We used to stack the packages in the corner by the window until sister Klingler had some men come and have us tell them what we needed and made the shelving and bar space to accomodate our ever increasing number of packages.  It's great to be able to put them up on the shelf and have the added space below to spread out paperwork.

We had a farewell dinner and testimony for the Whiteheads November 1st, they will be greatly missed.

Sister Limburg-Newsom, Elder and Sister Hogge, Elder and Sister Whitehead, Sister Klingler-President Klingler

While Elder Hogge went to Nausivikoso with the AP's I joined the Seniors for lunch at a resort that's about an hours drive from Suva.  Elder Tennis drove the van and we fit 5 couples and ourselves in and had a fun visit on the way up.

I even had time to capture the water lilie.  I've tried before but couldn't get Elder Hogge to slow down to take the picture.

We ate outside on this huge table made of a thick slab of Mahogony Wood

Elder Wells is sporting one of the nicest Bula shirts I've seen here.

One thing Coconut trees are is resilient.  This tree was likely blown over in a storm
 (horizontal growing trunk)  then rallied and began growing vertically towards sun.

These blue crabs were in a tank (similar to the live lobsters at Red Lobster) and when
 I took their picture all raised their claws to defend themselves from the lady with the camera.

Simple elegance, this pretty plant with lime green leaves was growing in a rusty barrel in the grounds of our church.

It's Diwali time again.  It landed near Halloween this year (date changes each year) and Avenish and his family brought us a feast.  L-R Roti, potatoe curry, spicy hot tomatoe and onion type sauce, pumpkin curry, her and spice treats (box) and sweet treats (most of them deep fried).  My favorite was a coconut filled pastry.

The brightly colored rice artwork on the two porches

Arsenal of fireworks!  Avenish said they buy about $500.00 worth of fireworks this year.
Luckily, this year we haven't had as many nights of fireworks after Diwali, like we did last year

Avenish and wife

Senior couple and next door neighbors the Jacksons.  While we were all outside watching firework
Richard was inside talking with Avenish's father.  He had a special prayer room
 he wanted to show him.  

These are our new upstairs neighbors.  Dad's name is Lackland (goes by Lach) and his four daughters.   The girls mom Wendy got the three older girls these dresses that they wore to school on Oct. 31st to ease the fact that kids in Fiji don't dress up for Halloween and then they were able to wear them again for Diwali. They're from Australia but have lived various places all over the world.  Lach works for the Australian Embassy.

Another pretty dress worn by young teenager who was a guest at the celebration

This is a new flat the missionaries found for Elder Hogge in Lami.  It's a pretty town that's located on a narrow strip of land with a pretty view of the ocean.  Very few flats are available to rent in this area, so we feel very blessed to have found it.  I loved the pretty white poinsettia bush growing in the yard that helps me to feel the spirit of
the Christmas season that is fast approaching.

This is a Fijian laundry room, now all we need to add is a washing machine and we're set.

Wood floors and newly painted walls is a bonus, but we'll have to hire someone to install screens on the windows.

This is a small vegetable garden out back.  The shed with bricks on it to keep the roof in place is a common site in Fiji

Today at church we had our primary program.  We only have about 15 children but they sang the songs so beautifully.

We began with a congregational hymn of In Our Lovely  Deseret which said" In our lovely deseret.  Where the Saints of God have met.  There's a multitude of children all around.  They are generous and brave; They have precious souls to save;They  must listen and obey the gospel's sound. Hark!Hark! Hark! the children's music-Children's voices, oh how sweet. When in innocence and love, Like the angels up above.  They with happy hearts and cheerful faces meet.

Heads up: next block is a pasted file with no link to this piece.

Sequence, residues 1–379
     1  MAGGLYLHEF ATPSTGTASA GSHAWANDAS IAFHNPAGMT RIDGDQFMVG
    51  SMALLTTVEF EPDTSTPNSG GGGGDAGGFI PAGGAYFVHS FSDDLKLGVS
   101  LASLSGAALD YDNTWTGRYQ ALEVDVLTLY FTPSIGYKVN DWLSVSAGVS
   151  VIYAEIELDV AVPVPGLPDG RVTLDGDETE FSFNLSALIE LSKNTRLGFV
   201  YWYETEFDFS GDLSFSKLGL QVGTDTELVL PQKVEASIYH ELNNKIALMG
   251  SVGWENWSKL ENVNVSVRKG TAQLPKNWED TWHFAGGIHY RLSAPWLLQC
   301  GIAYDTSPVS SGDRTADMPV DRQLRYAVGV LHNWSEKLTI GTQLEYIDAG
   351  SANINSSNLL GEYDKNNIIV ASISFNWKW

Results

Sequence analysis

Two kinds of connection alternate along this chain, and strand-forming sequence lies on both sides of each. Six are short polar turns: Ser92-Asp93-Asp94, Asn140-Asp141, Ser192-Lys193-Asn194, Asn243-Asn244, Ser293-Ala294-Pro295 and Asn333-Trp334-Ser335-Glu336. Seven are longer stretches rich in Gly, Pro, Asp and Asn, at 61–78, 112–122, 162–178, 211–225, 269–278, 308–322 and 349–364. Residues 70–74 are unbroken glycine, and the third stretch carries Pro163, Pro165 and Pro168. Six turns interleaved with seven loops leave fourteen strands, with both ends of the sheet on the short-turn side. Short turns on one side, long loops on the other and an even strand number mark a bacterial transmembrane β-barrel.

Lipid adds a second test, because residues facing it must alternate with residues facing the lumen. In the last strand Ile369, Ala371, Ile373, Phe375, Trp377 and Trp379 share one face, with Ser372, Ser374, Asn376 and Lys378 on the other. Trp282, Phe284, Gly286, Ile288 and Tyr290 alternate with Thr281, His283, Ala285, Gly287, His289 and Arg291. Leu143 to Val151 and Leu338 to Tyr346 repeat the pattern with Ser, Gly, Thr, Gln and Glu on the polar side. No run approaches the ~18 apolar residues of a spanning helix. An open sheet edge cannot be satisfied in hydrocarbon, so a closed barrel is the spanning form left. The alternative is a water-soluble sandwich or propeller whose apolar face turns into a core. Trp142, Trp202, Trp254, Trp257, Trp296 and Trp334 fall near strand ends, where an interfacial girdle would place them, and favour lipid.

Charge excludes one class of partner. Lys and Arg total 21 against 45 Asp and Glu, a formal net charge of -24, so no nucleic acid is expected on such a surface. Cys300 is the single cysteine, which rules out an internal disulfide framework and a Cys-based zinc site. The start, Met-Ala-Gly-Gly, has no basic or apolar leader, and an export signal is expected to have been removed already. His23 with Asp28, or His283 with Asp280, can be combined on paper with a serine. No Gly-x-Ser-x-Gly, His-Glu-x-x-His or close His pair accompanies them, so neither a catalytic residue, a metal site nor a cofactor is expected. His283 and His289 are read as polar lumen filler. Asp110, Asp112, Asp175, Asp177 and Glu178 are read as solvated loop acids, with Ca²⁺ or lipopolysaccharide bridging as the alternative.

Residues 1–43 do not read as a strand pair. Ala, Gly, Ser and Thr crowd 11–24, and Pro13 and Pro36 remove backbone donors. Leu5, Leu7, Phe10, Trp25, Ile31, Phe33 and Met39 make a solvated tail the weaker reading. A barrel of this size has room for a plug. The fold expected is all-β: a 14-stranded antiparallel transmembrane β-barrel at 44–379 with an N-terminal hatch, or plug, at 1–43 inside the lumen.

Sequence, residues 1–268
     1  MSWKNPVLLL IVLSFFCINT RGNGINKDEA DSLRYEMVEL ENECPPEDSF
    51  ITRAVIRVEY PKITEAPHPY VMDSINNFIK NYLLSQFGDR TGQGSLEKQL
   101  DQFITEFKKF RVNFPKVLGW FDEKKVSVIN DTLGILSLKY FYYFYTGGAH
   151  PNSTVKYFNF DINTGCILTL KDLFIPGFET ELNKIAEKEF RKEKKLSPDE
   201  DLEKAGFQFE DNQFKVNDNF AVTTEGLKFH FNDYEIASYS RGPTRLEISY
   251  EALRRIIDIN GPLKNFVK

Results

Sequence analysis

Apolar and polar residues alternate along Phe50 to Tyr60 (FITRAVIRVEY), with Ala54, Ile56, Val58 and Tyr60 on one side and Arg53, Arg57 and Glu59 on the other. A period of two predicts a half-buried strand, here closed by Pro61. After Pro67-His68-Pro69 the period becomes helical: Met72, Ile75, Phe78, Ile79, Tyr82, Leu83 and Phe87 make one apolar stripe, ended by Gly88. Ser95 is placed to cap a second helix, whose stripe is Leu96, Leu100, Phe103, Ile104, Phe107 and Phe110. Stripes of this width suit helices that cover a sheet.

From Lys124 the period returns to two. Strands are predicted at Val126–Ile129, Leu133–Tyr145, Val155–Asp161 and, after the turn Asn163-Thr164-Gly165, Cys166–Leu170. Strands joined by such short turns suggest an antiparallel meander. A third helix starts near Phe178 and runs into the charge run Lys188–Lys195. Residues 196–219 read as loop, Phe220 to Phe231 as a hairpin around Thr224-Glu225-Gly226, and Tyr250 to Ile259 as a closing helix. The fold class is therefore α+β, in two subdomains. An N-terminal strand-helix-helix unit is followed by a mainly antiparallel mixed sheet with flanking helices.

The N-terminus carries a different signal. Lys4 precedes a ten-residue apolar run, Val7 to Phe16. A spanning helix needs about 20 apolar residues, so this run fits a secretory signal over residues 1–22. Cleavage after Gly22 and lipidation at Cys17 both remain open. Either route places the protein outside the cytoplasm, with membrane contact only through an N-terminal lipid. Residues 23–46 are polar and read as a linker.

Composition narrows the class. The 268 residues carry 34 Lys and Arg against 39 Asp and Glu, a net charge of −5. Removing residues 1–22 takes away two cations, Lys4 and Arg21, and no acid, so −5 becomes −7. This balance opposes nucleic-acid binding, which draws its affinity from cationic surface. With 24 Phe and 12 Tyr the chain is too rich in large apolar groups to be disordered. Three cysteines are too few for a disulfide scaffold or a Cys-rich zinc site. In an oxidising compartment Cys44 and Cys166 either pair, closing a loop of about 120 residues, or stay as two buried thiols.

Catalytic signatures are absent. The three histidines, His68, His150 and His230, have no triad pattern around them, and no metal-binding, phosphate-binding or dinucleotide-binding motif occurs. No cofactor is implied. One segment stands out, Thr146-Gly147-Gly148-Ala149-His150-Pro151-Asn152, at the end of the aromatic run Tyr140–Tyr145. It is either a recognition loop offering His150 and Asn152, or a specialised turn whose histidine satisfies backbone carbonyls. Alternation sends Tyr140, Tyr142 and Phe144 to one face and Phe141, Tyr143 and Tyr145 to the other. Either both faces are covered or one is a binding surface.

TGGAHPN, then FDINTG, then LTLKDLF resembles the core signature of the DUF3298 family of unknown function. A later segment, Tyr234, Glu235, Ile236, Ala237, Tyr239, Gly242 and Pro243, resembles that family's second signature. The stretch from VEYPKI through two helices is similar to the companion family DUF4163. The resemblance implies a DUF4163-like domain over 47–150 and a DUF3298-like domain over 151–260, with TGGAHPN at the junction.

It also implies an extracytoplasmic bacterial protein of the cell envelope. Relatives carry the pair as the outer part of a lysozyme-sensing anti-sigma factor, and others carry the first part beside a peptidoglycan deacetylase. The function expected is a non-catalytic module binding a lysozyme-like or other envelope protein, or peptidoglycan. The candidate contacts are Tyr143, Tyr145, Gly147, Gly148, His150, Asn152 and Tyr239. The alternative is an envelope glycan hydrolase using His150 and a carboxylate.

It set the tone for a beautiful spiritual feast. One little Indian girl whose name is Laruni Manwelli touched my heart as I watched her cheerfully sing each song, expecially the one which says "he gave me my eyes that I might see the color of butterfly wings" and I thought of how blessed my grandchildren are to have the gift of sight.  I am grateful this little girl knows that she will someday be able to see.

Then the tears began to flow for both Elder Hogge and I when this same little girl stood up on the stool by the pulpit and sang a primary song solo.  She has been  given a beautiful voice and sounded like an angel singing.

Well Elder Hogge is getting restless, so I'd better close.  Much love to all our family members.  You are always in our prayers and in our heart.  Love mom and dad, 

Wednesday, November 6, 2013

An outing to Nasivikoso!
I got to go back to my favorite village, Nasivikoso, up in the highlands in the interior.  In a previous blog or two, you have seen me go there and even stay overnite in the Elders flat.  It's just like camping with a village full boy scouts of all different ages, no running water, no bathroom (bathing in the river), and no electricity.  This trip was to install a solar unit the will give the Elders a small portable fridge, a couple of fans, and a light at night.  It was an early Christmas for them.
I took the AP's to help me, and I'm glad of that, because I got a flat tire and their help was very welcomed.  They even got up on the roof of the flat, and screwed down the solar panels, all without falling through the roof.  Of course, I had to bring up all the tools and ladder to do everything, but it was fun.  Even the AP's had some fun.  It was during the dry season so no water was running over the bridge of the river, and the roads were passable.  The next time I go there, I can get a cold drink of water, and cool off by the fans.
This is the finished installation, easy to install and easy to remove

The AP's thought I fell asleep while placing the jack under the truck.
I won't confirm or deny

Natural environment to play and do crazy stuff

This villager was intelligent enough to make a sled, and use
it for doing his daily chores of getting firewood.  The oxen
don't move very quickly, but the slow and steady get the job

The supervisor is watching these young bucks every
step of the way.  Reminded me of when Justin and Rob
were home

You can see how low the water is,  but it's still a beautiful setting

I miss you all--keep the faith,  Dad